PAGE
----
News | May 17, 2023

EPA moves to cut power plant pollution: What it means for the South

The Tennessee Valley Authority's Kingston Fossil Plant. (©Nancy Pierce/Southwings)

As one of the most significant contributors to climate change, carbon pollution from fossil fuel power plants has gone largely unchecked for decades.   

Home to some of the nation’s largest power plants — including three of the top 25 carbon-emitting plants nationwide — the South remains particularly burdened by the fossil fuel industry. As a result communities of color and residents living in lower-wealth areas throughout the South are disproportionately affected by air pollution and the impacts of climate change.  

But a recent announcement from the Environmental Protection Agency to limit carbon pollution from power plants signals a turning point in addressing climate change. EPA’s proposal calls for coal and gas plants to cut up to 617 million metric tons of total carbon dioxide through 2042. EPA’s proposal builds on the landmark Inflation Reduction Act, which will help utilities shift from dirty fossil fuels to clean energy. 

Setting limits on carbon pollution from gas and coal plants is key to cleaning up the power sector. If we are going to tackle the climate crisis, EPA’s proposal is crucial in moving the South — and the nation — away from a fossil-fuel past and toward a clean-energy future.

Gudrun Thompson, leader of SELC’s Clean Energy & Air Program

EPA’s common-sense proposal will help to protect  Southern communities, their health, and their quality of life. EPA’s proposal will be especially critical in states like Tennessee, where the federal utility TVA plans to spend billions building new gas plants and pipelines that will increase climate-warming gases and further burden families already paying high electric bills with even more volatile fossil fuel prices.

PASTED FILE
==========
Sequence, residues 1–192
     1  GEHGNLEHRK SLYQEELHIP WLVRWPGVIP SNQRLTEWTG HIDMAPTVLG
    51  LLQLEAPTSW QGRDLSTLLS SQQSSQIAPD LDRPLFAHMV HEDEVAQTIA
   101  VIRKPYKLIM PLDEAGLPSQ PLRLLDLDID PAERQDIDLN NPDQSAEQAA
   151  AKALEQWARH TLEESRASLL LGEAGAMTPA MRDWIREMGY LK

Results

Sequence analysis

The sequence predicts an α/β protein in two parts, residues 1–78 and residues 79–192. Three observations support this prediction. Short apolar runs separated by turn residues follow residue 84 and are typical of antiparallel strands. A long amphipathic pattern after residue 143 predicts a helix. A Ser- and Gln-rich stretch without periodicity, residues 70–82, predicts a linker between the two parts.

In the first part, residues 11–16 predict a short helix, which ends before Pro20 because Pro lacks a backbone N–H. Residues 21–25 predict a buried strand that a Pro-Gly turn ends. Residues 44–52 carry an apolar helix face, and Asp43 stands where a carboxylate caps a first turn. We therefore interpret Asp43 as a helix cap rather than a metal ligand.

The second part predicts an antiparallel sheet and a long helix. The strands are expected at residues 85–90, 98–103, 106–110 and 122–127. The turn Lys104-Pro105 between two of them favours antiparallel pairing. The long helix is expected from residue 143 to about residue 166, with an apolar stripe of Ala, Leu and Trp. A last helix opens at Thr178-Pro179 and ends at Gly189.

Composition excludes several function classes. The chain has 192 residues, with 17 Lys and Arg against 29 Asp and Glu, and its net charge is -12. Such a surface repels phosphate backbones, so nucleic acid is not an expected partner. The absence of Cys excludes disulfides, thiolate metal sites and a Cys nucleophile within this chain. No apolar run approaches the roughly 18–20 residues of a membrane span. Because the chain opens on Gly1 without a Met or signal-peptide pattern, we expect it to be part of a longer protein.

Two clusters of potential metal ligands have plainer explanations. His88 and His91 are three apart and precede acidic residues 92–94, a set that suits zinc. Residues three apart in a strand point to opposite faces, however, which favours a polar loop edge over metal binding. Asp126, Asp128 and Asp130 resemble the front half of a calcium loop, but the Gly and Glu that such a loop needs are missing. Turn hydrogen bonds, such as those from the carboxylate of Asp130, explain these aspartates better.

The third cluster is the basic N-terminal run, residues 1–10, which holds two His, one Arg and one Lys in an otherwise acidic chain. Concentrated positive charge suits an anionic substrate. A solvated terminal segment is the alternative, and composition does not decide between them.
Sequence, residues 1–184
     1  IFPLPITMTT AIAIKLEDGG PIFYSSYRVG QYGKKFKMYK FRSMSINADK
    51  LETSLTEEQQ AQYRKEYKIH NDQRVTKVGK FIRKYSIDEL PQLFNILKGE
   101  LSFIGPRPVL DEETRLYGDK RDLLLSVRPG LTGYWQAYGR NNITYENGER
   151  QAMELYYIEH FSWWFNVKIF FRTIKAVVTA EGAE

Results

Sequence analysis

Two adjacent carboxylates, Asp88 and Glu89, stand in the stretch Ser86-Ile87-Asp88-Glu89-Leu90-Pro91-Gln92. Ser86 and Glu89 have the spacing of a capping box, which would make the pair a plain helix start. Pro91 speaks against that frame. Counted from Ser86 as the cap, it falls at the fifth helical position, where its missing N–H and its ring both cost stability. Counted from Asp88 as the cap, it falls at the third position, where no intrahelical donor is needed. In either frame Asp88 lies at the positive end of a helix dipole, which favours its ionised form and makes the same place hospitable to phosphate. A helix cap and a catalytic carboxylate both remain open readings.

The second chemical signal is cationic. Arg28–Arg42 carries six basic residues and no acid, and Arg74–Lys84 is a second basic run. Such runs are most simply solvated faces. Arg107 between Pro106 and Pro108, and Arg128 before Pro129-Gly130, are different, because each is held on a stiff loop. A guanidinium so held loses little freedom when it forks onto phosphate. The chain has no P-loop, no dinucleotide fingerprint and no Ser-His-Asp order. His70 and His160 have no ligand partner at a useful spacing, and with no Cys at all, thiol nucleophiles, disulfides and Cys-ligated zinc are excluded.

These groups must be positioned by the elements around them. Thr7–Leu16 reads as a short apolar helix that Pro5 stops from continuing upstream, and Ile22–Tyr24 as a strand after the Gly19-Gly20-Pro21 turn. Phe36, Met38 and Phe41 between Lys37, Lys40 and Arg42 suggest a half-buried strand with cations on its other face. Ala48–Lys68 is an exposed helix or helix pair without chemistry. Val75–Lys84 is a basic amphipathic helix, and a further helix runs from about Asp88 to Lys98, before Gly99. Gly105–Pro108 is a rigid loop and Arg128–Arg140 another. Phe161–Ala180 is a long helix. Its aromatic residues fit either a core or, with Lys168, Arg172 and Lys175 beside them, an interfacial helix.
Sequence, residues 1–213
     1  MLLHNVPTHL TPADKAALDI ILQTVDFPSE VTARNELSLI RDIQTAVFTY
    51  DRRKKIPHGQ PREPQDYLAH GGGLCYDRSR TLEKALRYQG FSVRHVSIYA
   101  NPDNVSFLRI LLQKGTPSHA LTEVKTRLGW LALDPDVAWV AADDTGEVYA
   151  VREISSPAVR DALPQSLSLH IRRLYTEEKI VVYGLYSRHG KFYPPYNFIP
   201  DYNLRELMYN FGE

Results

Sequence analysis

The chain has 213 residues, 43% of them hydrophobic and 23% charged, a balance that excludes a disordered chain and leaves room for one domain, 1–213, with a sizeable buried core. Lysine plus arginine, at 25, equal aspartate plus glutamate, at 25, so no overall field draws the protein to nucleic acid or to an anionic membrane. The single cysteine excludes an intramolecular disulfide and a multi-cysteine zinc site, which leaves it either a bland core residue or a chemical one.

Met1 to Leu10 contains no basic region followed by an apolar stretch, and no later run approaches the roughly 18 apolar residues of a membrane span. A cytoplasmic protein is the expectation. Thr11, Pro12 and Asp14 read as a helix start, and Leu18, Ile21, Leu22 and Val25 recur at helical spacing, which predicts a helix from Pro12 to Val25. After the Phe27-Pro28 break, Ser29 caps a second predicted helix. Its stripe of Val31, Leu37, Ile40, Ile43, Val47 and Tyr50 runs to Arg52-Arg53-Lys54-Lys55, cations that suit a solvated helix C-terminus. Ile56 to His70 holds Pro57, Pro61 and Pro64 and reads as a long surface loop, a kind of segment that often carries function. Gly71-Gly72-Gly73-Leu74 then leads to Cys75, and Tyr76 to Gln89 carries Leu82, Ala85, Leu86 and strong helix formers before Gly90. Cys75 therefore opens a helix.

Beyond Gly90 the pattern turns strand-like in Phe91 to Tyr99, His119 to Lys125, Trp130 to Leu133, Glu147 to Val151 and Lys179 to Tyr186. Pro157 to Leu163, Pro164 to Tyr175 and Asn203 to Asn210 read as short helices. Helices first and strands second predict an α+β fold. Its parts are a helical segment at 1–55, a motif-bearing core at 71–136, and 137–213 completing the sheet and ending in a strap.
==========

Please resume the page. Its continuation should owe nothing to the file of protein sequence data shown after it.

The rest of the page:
A narrow, yet clear path forward for EPA action  

In recent years, several attempts to mitigate power plant carbon pollution have failed due to legal challenges from the coal industry and power plant operators.   

Man in a green shirt scales the side of a roof covered in solar panels.
The nation will soon see historic investments in clean energy infrastructure thanks to a recently-passed landmark climate plan.

Although the U.S. Supreme Court’s ruling last June in West Virginia v. EPA limited the agency’s options to curb carbon emissions at existing power plants, EPA’s new proposed limits will help bring the nation closer to federal commitments to cut carbon emissions in half by 2030. The Supreme Court ruling set a narrow pathway for EPA to set new standards for power plant emissions, leaving EPA with fewer options to safeguard communities and the environment from air pollution related to climate change.   

However, the court’s ruling left EPA with the power to set carbon emissions limits for power plants based on emissions reduction technologies. Shortly after, Congress passed the landmark climate plan, the Inflation Reduction Act, which explicitly directed the agency to regulate greenhouse gas pollution from power plants.

Bridging the gap with IRA

IRA’s historic investments in clean energy infrastructure and increasing access to renewable energy like solar and wind will be a generational opportunity to address the climate crisis — but more safeguards are needed to help protect communities from one of the country’s most significant sources of heat-trapping pollution. EPA’s proposed limits on pollution from fossil-fueled power plants will help to close that gap.

EPA’s proposal makes it possible for utilities to reduce pollution in a cost-effective way, while also tapping into the immense economic benefits and job creation we have seen firsthand in the South with the growth of the renewable energy industry.

We will continue to press our utilities to embrace the momentum toward a cleaner energy future while reducing pollution — a win-win for local communities and economies.

Alys Campaigne, Leader of SELC’s Climate Initiative.

Stronger safeguards

While the new proposed EPA rules are an important step, EPA can and should develop more robust standards for fossil fuel plants. The current proposal does not apply to smaller gas plants and “peaking” plants that operate infrequently but are far dirtier than larger baseload plants. Our nation has an opportunity to better protect local communities from pollution, but that begins with empowering state and local authorities to ensure that power plant operators implement these standards.   

We are in a critical moment to address the climate crisis and need to stay vigilant when it comes to solutions we can implement here and now. Utilities can and should play a critical role in implementing tangible solutions that benefit customers and help our region stay competitive in offering clean energy options.   

Solutions for climate change start in the South.